I’m wrapping up a two week stint in The Hague, Netherlands, and I’ve been thinking through why this trip seems to be a lot more difficult for my psyche than most of my other trips. The coworkers that I’ve been traveling with have been fantastic, and there has been no shortage of funny discussions, mostly regarding random contrasts between U.S. and European culture (and British culture, which is entirely its own thing.)
I am starting to appreciate, though, how much intimacy in relationships and conversation is so vitally important in maintaining my own personal sanity, and how much it’s missing in my daily conversations. When I say “intimate”, I don’t mean romantic or sexual, although clearly those components would be part of certain intimate conversations, but in this case, I mean the act of conversation with trust established and our guard down.
I am very blessed to have family and friends where intimacy is so engrained as to be invisible. I have a wife, brothers, and men in the church who taken on various roles in my life, willing to listen to my rants and weaknesses, and able to share their own with me. I’ve become so familiar with that blessing that I don’t realize how necessary it is until I’m removed from it.
When I am removed during business travel, relationships that on the surface seem similar after a while seem dull and colorless. The temptation appears to polish the dull relationships by fomenting intimate relationships with coworkers, and thus the danger presents itself. I realize I’m starving, and fear becoming ravenous. In order to protect myself, I force myself to distance myself, and start counting the days until I’m able to fly home.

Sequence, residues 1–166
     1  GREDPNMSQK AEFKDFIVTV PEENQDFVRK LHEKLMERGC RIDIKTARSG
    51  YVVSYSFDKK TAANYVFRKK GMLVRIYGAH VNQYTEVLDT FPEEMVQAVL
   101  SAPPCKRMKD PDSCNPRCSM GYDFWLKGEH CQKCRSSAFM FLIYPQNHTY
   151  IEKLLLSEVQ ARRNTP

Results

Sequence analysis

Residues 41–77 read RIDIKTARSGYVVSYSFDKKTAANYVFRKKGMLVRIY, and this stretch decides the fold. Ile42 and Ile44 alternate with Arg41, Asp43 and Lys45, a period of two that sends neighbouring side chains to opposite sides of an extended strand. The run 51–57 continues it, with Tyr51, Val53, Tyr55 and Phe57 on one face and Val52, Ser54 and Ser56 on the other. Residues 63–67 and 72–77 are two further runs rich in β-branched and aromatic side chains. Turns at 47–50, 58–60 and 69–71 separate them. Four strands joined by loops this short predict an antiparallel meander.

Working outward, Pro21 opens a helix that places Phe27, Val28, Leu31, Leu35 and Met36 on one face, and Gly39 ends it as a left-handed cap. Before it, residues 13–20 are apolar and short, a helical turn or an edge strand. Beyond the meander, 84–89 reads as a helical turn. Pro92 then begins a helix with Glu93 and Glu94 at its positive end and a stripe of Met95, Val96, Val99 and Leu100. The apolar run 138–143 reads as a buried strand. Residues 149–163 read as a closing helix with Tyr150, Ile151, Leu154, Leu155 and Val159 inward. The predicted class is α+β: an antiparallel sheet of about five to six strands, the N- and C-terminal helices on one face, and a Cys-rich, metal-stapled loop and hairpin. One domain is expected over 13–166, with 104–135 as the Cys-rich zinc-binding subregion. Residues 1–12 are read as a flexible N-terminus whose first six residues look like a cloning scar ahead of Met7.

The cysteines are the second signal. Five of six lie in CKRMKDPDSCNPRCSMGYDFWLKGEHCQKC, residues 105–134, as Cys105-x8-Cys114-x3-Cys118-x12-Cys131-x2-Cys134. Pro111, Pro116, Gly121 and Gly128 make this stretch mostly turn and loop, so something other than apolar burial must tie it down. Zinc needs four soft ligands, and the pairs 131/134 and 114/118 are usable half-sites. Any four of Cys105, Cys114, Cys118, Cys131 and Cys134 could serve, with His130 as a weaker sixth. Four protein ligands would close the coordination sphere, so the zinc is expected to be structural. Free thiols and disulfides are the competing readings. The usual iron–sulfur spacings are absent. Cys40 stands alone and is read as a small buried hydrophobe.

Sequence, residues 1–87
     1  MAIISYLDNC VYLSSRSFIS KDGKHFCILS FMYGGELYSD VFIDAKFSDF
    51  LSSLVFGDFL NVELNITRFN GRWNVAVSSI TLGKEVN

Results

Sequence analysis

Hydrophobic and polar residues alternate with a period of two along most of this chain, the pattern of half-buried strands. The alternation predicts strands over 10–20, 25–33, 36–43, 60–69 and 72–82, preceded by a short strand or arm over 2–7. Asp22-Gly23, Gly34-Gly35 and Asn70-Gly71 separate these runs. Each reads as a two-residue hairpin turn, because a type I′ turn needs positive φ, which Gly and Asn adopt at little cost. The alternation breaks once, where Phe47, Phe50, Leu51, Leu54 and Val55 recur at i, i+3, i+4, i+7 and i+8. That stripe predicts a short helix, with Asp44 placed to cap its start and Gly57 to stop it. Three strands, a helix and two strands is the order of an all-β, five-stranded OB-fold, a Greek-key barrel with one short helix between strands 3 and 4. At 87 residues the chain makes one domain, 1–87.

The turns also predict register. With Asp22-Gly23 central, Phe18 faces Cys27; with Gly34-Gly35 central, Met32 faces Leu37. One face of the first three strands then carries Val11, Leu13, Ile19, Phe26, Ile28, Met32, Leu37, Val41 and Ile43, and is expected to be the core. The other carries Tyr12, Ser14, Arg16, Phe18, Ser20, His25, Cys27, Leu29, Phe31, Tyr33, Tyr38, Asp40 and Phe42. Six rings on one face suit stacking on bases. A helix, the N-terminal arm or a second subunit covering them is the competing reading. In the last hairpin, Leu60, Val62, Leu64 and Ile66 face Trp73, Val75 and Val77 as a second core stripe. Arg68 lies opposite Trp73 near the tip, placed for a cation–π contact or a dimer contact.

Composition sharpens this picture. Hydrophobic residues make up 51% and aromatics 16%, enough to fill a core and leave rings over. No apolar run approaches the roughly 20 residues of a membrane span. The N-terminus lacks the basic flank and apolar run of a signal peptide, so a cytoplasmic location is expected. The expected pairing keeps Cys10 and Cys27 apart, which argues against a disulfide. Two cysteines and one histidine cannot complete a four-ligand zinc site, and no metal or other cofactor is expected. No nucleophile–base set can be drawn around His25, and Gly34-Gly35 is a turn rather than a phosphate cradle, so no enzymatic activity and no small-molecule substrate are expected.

I think this is why alcohol has become so intrinsic to business travel. Alcohol allows us an excuse to form temporary intimate relationships with coworkers or other local acquaintances without having a basis of trust. For the cost of a few dollars, we can consume a magic elixir that temporarily removes the established social mores that define our normal daily relationships. For that short period of time, we can fulfill the need that we have to share ourselves openly, and to experience others doing the same. We begin to emotionally undress ourselves and enjoy seeing others do the same. Of course, the magic wears off in the morning, and there is always the awkwardness of putting our masks (and clothes) back on. We deal with the physical sickness, but secretly reminisce and look forward to the next time.
There’s no substitution for good relationships, and when you have them, there are like a good, satisfying pantry, always able to provide strengthening meals. It can sometimes be difficult to appreciate the blessing while in the midst of it, but the absence is painfully obvious when it’s gone.